As far as Turner's assertion, I would say that the former councilor, too, was obviously involved in every aspect of Puritan political action, but again, without proof, that's just an assertion. The best he's got is that Dudley was around when slaves were around.

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They saw that its the name of a dead white man and decided that that fact, in of itself, was wrong.

"We're inundated with names of former slave owners like Warren Street, Ruggles, Codman, Columbus."

That quote is about Warren Street, Ruggles, Codman, Columbus being named after slaveowners, do you refute that they owned slaves? Also, think I caught you tangling your narrative, remember there is nothing in that article about Dudley being a slaveowner or not.

"The primary reasons why we've got this campaign is we want to take down the name of a family who supported and advocated for legalization of a law to enslave African people,"

Oh and then theres the bit about his son signing runaway slave laws. Still nothing in there about the motivation being because they were white lol

I mean, it's in the article Adam linked to above. I could have done a small amount of deeper research,

Please, indulge us!

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For example, I see Dudley being brought up alongside “other slave owners” (a clear implication) while you don’t. I ask for proof that Dudley had anything to do with the slave trade, and the answer is to not show proof.

This morning I pondered where the proof is for the claims that he was a slave owner or was personally connected to the slave trade. This evening I still don’t see proof. These people have been working on this for years. Perhaps they should have found the proof before making the claim.

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"other slave owners" doesn't appear in that article or anywhere in this thread, where did you conjure that up from?

See your hammering away at this point about because you don't wanna identify the real issue with Dudley, that he was part of the colonial government, governor and deputy governor at multiple points, during a time that slavery enabling laws were passed.

Its right there in front of you, you being willfully obtuse doesn't change that.

But hey just for fun:

In 1641, Massachusetts passed its Body of Liberties which gave legal sanction to certain kinds of slavery.[10]

"There shall never be any bond slaverie, villinage or captivitie amongst us unless it be lawfull captives taken in just warres, and such strangers as willingly selle themselves or are sold to us. And these shall have all the liberties and Christian usages which the law of God established in Israell concerning such persons doeth morally require. This exempts none from servitude who shall be judged thereto by Authoritie."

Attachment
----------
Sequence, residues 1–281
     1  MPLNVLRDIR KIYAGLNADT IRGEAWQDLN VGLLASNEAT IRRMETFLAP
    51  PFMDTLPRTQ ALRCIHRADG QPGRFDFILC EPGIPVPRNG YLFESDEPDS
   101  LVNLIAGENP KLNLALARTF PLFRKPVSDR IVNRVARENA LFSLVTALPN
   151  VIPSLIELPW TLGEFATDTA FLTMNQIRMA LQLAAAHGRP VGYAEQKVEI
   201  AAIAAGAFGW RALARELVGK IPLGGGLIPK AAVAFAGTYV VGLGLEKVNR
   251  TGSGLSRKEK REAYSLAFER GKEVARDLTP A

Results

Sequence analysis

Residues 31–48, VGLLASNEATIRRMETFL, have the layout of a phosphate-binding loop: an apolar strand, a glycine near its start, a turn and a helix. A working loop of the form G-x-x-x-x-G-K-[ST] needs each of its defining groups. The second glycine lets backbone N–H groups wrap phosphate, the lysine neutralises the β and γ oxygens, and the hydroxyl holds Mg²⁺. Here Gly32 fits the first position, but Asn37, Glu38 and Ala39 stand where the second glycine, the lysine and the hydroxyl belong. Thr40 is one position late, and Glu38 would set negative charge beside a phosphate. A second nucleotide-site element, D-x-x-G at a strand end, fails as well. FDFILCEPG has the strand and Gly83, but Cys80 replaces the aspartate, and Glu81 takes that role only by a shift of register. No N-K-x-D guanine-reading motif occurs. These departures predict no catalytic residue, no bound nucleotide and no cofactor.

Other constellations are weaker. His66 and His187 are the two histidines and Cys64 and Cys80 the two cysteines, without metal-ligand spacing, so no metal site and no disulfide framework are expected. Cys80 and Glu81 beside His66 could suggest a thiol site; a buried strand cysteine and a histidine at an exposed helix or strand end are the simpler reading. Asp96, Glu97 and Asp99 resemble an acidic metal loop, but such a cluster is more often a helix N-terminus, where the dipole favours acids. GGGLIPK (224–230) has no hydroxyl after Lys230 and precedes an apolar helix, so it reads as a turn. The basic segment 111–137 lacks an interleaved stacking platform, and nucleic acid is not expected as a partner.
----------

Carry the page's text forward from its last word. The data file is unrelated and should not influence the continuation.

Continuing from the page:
Wiecek notes that the reference to "strangers" is derived from Leviticus 25: 39–55 and explains that they could be ruled and sold as slaves.[10][12] For the Puritans and citizens of the colony, "strangers" would eventually mean Native Americans and Africans.[10] Even though the Body of Liberties excluded many forms of slavery, it did recognize four legitimate bases of slavery.[10] Slaves could legally be obtained if they were captives resulting from war, sold themselves into slavery, were purchased as slaves from elsewhere, or were sentenced to slavery through the governing authority.[13] This made Massachusetts the first colony to authorize slavery through legislation.

https://en.wikipedia.org/wiki/History_of_slavery_in_Massachusetts#cite_n...

https://www.mass.gov/service-details/massachusetts-body-of-liberties

Timeline
May 6, 1635
The first committee for the laws comprised of Governor John Haynes, Deputy-Governor Richard Bellingham, John Winthrop, and Thomas Dudley was formed to "frame a body of grounds of laws, in resemblance to a Magna Carta" (as recorded in John Winthrop's journal)

May 25, 1636
Another General Court assembled and Governor Henry Vane, Deputy-Governor John Winthrop, Thomas Dudley, John Haynes, Richard Bellingham, John Cotton, Hugh Peter, and Thomas Shepard were entreated to make a draft of laws "agreeable to the word of God, which might be the fundamentals of this Commonwealth, and to present the same to the next General Court."

Thanks for playing!

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Why did that happen, named after Ben Franklin in 1980 the residents wanted to
change the name to "Harambee Park" Swahili meaning "pull together"
Why don't we just rename everything.

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How is your pronunciation of the natives American languages doing?

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And what did the First Peoples call it?

If you want to play that game, you might want to brush up on your local native languages.

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I really can't name any, but the residents must have someone. Nubian??